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April 17, 2013, 00:44 
How to get better convergence in transient simulation

#1 
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leo
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I'm doing a transient multiphase simulation with timedependent pressure inlet.
I found it was difficult to converge with my desired time step. If smaller time step was used ,it'll cost time. So what should i do to get better convergence with relatively bigger time step. 1.Will the initial value influence the transient convergence as i use the steadystate result as initial value? Should i start with a better converged steady result? 2. Should i start the simulation with smaller time step and then increase the time step as my simulation is periodic ？ Thank you in advance. 

April 17, 2013, 07:43 

#2 
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Glenn Horrocks
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Yes, the initial conditions will affect convergence. The closer the initial condition is to the real condition, and the smoother it is the better the convergence.
And yes, starting with a small time step and increasing it as the simulation progresses is standard practise. 

April 17, 2013, 08:34 

#3 
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leo
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Thank you for your reply.
I have a few more questions. 1)I have done the mesh sensitivity analysis when i was doing steady state simulation. Should i do it again when i do the transient one as i use the steady result as the initial value for the transient simulation. 2)I use adaptive time step when i was doing the transient simulation. In the first several iterations it didn't converge to my criteria.Will this affect the overall accuracy? My simulation is periodic ,i just want to get data of one cycle. Thank you.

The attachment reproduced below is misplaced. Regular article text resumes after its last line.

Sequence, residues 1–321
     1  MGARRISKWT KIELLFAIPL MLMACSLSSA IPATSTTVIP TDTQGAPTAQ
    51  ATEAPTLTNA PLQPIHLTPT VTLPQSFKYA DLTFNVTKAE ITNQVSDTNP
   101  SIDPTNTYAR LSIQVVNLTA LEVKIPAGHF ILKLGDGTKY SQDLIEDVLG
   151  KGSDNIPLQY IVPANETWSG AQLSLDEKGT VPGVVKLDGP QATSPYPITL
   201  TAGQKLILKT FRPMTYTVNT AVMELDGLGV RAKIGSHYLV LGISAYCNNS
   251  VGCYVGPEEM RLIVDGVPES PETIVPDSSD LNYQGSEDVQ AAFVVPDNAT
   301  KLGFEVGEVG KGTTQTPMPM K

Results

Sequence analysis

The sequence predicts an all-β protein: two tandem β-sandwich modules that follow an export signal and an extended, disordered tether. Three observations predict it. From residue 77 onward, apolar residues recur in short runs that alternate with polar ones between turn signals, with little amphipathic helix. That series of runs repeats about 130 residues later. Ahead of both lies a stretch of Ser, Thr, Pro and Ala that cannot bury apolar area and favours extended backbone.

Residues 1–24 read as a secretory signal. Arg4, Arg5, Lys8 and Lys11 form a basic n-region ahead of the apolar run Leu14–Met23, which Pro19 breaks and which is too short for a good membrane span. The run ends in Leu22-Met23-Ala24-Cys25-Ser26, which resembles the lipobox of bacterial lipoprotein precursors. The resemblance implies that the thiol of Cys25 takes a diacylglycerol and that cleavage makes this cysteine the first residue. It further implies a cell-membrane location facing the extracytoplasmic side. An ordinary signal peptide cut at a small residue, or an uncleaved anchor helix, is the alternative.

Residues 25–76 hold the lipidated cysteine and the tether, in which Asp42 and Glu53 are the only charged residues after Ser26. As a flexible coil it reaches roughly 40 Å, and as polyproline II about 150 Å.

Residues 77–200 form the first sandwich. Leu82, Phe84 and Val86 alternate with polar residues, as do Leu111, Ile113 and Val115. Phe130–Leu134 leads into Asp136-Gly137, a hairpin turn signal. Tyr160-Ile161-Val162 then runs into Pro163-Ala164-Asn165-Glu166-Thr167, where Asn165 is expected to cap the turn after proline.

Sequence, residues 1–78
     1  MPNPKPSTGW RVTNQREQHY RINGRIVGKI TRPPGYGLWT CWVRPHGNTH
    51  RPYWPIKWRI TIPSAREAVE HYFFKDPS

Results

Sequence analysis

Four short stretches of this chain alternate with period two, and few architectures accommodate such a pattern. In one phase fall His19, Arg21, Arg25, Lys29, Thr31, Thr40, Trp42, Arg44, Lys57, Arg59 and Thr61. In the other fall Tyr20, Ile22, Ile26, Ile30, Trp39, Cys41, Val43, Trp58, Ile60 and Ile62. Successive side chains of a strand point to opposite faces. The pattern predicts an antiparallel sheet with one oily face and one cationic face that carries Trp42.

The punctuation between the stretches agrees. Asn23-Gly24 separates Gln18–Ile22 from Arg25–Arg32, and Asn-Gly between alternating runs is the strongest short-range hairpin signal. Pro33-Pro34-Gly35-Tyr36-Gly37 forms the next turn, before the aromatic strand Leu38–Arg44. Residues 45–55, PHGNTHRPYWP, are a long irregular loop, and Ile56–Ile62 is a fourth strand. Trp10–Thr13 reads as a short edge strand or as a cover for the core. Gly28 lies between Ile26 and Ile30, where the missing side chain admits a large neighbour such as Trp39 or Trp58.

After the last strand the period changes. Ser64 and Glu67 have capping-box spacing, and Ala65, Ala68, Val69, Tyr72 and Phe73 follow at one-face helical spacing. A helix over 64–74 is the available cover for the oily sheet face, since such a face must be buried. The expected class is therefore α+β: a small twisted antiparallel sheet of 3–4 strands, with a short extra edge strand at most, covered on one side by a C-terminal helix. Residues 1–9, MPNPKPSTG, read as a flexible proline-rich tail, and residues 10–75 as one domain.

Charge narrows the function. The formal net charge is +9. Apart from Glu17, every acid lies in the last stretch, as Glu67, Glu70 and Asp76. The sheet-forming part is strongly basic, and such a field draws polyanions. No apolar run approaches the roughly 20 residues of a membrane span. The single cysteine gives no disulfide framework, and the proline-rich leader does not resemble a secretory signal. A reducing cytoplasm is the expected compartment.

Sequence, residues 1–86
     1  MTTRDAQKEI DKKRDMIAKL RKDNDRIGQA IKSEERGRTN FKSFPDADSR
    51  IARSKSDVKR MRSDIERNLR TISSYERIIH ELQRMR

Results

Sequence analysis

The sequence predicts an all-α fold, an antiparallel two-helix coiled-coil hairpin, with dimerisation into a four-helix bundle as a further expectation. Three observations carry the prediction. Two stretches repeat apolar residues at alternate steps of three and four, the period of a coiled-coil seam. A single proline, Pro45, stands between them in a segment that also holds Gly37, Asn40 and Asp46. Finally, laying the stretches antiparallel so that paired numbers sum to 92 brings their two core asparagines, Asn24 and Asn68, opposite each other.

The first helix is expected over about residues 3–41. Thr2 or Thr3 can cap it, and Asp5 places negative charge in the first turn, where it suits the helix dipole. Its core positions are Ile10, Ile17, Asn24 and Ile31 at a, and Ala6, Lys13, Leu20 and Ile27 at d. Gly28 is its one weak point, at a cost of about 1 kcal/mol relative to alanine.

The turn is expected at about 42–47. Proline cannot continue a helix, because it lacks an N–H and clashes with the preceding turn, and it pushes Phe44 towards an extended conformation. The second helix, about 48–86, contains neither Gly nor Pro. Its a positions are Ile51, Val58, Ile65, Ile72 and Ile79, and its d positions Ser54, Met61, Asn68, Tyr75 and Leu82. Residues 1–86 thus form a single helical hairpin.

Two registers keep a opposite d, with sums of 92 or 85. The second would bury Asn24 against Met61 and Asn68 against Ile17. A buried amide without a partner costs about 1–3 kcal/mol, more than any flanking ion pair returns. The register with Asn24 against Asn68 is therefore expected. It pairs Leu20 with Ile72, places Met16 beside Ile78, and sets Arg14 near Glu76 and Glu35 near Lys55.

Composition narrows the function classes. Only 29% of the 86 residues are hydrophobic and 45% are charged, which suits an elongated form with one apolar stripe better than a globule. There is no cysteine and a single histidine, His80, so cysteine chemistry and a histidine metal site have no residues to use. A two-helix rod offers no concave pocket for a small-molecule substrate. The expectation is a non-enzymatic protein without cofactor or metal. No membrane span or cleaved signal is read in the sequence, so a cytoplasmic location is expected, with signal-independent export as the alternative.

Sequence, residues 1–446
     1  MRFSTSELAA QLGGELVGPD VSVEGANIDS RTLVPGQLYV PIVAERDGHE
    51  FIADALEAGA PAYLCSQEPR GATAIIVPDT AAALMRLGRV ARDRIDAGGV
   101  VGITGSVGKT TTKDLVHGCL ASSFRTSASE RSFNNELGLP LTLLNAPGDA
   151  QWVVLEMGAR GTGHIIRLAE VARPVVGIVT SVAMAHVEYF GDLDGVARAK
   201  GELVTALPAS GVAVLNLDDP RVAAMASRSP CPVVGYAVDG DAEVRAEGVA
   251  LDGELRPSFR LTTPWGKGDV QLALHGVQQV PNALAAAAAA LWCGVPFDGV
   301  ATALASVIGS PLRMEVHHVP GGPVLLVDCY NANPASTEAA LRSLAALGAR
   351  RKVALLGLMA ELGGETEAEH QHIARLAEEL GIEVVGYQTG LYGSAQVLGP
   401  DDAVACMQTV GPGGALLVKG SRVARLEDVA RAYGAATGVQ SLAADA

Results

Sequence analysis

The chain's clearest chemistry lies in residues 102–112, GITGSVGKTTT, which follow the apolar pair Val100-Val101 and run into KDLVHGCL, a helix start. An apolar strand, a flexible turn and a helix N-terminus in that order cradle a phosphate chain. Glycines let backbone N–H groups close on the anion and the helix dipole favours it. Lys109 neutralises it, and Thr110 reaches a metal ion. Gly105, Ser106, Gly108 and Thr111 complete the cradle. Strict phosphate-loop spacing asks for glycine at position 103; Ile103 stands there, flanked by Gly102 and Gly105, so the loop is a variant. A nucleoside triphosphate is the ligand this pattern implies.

April 17, 2013, 18:45 

#4 
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Glenn Horrocks
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It is up to your judgement as to whether the mesh sensitivity done on steady state is applicable to a transient run. It probably is, but you need to think through what has changed and if it makes a difference to the mesh. Of course, if you want to be safe you can repeat the mesh sensitivity on the transient simulation.
If all you are interested in is the repeating periodic pattern then it does not matter if a few initial time steps do not fully converge.